The boss of an axed quango which employs 100 people in Solihull has penned a furious letter to ministers after it was accused of wasting taxpayers’ money on an away-day at Newmarket racecourse.
Michael O’Higgins, chairman of the Audit Commission, denied spending £8,000 on a “day at the races”.
It follows an announcement by Eric Pickles, the Local Government Secretary, that the Audit Commission is to be scrapped, saving taxpayers £50 million.
Mr Pickles claimed: “The corporate centre of the Audit Commission has lost its way. Rather than being a watchdog that champions taxpayers’ interests, it has become the creature of the Whitehall state.”
And his Department published a list of supposedly wasteful spending by a range of Government bodies - which included an £8,000 Audit Commission event at Newmarket last year.
Mr Pickles has also criticised the watchdog for encouraging councils to scrap weekly bin collections and for planning to recruit a new chief executive on a £240,000 salary. Mr Pickles vetoed the salary last month.
In his letter to the minister, Mr O’Higgins said: “The Commission made payments to Newmarket racecourse for meeting and conference facilities. These were briefings for local government and NHS bodies on technical issues that might arise from the current programme of audits.
“The dates were not race days. Racecourse facilities often offer good value for meetings compared to hotels or conference centres.
“The £8,000 payment to Newmarket was for three events training 90 officers from local authorities and the NHS – around £67 a head. And not a horse in sight!”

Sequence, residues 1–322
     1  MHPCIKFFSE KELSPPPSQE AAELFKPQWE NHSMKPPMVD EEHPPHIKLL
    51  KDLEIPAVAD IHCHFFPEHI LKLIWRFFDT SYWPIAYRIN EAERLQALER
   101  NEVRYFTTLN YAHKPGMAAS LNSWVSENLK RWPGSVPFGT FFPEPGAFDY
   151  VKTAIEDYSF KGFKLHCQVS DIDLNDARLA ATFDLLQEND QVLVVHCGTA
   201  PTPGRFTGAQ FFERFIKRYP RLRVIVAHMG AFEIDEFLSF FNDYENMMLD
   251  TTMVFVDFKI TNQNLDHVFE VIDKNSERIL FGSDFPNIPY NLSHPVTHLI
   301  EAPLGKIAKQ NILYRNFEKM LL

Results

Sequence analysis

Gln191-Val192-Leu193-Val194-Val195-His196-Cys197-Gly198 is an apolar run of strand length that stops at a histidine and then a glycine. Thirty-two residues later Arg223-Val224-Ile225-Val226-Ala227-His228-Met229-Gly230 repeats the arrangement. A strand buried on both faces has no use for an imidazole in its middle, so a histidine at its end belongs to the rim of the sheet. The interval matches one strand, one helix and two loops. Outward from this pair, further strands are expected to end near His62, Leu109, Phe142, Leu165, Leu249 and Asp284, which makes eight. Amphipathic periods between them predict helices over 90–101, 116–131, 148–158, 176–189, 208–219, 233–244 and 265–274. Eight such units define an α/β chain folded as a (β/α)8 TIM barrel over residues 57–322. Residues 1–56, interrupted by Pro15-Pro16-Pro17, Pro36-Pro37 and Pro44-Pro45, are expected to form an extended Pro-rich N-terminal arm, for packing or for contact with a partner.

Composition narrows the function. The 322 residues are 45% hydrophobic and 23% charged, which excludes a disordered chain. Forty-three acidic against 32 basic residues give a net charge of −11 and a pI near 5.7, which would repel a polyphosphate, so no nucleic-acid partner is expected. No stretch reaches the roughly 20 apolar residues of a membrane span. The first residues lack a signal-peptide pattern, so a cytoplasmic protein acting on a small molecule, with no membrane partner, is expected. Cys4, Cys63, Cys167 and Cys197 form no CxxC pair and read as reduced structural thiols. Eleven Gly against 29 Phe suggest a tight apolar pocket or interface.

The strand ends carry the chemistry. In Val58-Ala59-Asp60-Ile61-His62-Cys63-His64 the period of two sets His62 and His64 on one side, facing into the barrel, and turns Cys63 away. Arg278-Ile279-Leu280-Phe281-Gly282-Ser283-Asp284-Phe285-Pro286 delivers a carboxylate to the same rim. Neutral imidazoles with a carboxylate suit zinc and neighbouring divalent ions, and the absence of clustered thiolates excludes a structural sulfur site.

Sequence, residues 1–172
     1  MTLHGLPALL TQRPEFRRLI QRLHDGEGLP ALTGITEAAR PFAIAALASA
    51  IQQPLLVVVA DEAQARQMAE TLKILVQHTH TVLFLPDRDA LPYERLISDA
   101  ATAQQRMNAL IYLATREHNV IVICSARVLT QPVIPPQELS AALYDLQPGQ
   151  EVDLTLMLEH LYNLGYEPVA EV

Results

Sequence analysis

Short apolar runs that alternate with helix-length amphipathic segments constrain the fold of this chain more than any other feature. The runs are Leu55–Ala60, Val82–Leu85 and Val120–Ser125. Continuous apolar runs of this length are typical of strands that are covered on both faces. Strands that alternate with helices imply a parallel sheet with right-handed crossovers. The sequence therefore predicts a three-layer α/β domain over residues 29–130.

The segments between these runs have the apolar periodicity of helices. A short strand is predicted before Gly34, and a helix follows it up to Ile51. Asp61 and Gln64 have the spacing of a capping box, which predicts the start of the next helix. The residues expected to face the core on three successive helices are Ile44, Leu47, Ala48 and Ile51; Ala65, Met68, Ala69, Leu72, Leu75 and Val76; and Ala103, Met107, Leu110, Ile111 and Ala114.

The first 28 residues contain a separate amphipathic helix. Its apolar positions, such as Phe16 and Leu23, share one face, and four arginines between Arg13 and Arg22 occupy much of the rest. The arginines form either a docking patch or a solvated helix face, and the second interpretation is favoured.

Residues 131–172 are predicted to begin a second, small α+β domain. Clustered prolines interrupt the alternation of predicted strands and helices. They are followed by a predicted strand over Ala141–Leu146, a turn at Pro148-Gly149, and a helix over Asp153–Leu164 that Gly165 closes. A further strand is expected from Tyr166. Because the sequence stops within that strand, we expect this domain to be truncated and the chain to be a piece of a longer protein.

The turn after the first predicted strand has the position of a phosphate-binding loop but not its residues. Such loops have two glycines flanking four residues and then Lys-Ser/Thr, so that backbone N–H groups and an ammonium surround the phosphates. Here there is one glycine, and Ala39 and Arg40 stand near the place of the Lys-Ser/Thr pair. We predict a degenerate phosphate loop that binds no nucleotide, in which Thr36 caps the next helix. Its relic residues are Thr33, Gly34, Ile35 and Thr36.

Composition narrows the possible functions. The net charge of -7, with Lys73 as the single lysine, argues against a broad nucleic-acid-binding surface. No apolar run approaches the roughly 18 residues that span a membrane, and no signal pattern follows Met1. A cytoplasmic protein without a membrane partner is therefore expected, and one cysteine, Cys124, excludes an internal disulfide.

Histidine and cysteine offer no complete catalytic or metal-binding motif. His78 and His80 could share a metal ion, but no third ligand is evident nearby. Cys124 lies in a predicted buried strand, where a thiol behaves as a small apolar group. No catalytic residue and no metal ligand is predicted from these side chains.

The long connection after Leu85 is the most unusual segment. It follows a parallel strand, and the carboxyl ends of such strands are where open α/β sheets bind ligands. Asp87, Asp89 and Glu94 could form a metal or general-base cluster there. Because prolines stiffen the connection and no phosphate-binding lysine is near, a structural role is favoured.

He told Mr Pickles: “We have been disappointed and dismayed at the misleading press reports in response to your announcement.
“I am sure that you share our concerns at these factual inaccuracies, and would not wish them to be repeated.”
He also insisted that the Audit Commission had never forced councils to introduce fortnightly bin collections.
“The Commission has only ever encouraged local authorities to review their waste management plans and rubbish collection arrangements.
“It is the Commission’s duty to push for maximum value for money in local services. But it holds strictly to the view that it is for local elected members to decide their own policies, which includes the frequency of bin emptying.”
The Audit Commission was created as an official watchdog to scrutinise public spending by Conservative Minister Michael Heseltine in 1983, when Margaret Thatcher was Prime Minister.
Solihull MP Lorely Burt (Lib Dem) said: “I know the Audit Commission offices in Solihull and nobody there was living the high life.
“I understand what Eric Pickles is trying to do and in the long run this may benefit taxpayers. But I am worried about the people whose jobs may be threatened by this.”